by Scott Freeman I was recently at a bar and jokingly attacked by a couple of friends about non-quantitative data. Consultants love them some numbers. While their jests were well taken, the underlying point was also well taken. As Hervè Varenne addressed in his position paper on anthropology and education, students of anthropology often find … Continue reading On Time and Evaluation
Given the discussion of MOOCs that has been occurring in the blogosphere over the last year, I thought it might be helpful to get a longer perspective on technology and education. In that spirit, I have dug up this 30 minute conversation between Lawrence Cremin of Teachers College and Mara Mayor of the Annenberg CPB … Continue reading Lawrence Cremin and Mara Mayor Discuss Technology and Education In 1989
David Brooks, the center-right columnist at the New York Times today published a column about the limitations on neuron research. He’s not against neural research, just the hubris that tends to collect around it. Like research on DNA, research on neurons is great stuff—but no matter how enthusiastic the scientists may be, it does not … Continue reading More on Scientific Reductionism–this time from a conservative columnist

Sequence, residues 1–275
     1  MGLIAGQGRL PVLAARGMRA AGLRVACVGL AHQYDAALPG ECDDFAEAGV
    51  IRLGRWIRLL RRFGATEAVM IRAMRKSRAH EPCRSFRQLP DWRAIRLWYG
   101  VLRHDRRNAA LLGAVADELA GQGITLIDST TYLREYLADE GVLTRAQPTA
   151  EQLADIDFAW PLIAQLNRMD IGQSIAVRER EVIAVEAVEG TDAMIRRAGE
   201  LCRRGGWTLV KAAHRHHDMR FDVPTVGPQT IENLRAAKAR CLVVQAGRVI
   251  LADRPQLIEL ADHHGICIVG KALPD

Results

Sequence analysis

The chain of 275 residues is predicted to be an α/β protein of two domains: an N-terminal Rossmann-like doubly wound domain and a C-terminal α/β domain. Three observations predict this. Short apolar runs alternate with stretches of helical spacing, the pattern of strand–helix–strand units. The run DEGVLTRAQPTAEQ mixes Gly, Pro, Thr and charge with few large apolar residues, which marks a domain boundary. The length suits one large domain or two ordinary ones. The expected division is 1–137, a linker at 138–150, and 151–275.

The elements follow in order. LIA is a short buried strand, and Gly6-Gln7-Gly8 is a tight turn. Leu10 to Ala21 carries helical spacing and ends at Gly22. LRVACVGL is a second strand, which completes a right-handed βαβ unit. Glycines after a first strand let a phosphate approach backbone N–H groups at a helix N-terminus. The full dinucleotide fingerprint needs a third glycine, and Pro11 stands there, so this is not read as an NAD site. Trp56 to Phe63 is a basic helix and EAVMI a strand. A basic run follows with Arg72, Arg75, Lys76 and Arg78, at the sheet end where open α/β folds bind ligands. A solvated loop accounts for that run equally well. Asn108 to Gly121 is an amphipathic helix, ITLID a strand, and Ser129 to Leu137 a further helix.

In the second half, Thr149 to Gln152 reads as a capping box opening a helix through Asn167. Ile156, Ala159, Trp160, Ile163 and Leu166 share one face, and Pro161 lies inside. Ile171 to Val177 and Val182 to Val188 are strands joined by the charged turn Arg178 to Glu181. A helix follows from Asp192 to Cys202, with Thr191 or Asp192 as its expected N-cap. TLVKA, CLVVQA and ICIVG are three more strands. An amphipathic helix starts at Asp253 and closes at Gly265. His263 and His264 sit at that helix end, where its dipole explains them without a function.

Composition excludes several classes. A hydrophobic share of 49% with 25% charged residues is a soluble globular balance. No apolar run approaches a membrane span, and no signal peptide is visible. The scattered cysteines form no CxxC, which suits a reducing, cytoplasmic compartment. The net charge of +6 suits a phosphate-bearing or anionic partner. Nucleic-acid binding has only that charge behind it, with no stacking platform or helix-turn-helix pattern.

I will be in Thailand this summer for five weeks teaching a course for the University of Nevada, Reno, as a Visiting Professor. As part of the employment procedure, I had to sign a loyalty oath indicating “I will support, protect and defend the Constitution and Government of the United States, and the Constitution and … Continue reading Good News for the State of Nevada!
I want take up Tony’s question about this Dennett quote: There is no such thing as philosophy-free science; there is only science whose philosophical baggage is taken on board without examination (Dennett 1995) One way to answer this is through recourse to the literature on Science and Technology Studies (STS). We could weave our way … Continue reading Discovering Exaptation: Or, How To Leverage Your Philosophical Baggage To Further Science
I just came across this article about elite education, and the habits of the Ivy Leaguers. I really like the opening paragraphs which asks why the author, who is an Ivy League grad has so much trouble talking to the plumber who will fix his pipes. This has a lot to do with what Pierre … Continue reading Why is it so Hard for a Ivy League Grad to Talk to His Plumber?
There are two blogs I have read recently which make the good point that reading “classics” is important . At the New York Times, Philosopher Gary Gutting makes the point that a college education is not so much about “the content,” (or presumably the major) but about the habits of reading and inquiry developed. Or … Continue reading Philosophy and Reading Widely
Anthropology Now has a review out by Elizabeth Chin who actually read Jason Richwine’s PhD Thesis on genetics and i.q. from Harvard’s Kennedy School. The review is framed as the feedback Richwine should have received from one of his three committee members, but did not. Chin raises many of the same issues that Michael Scroggins … Continue reading A Review of Jason Richwine’s Thesis by Someone Who Actually Read It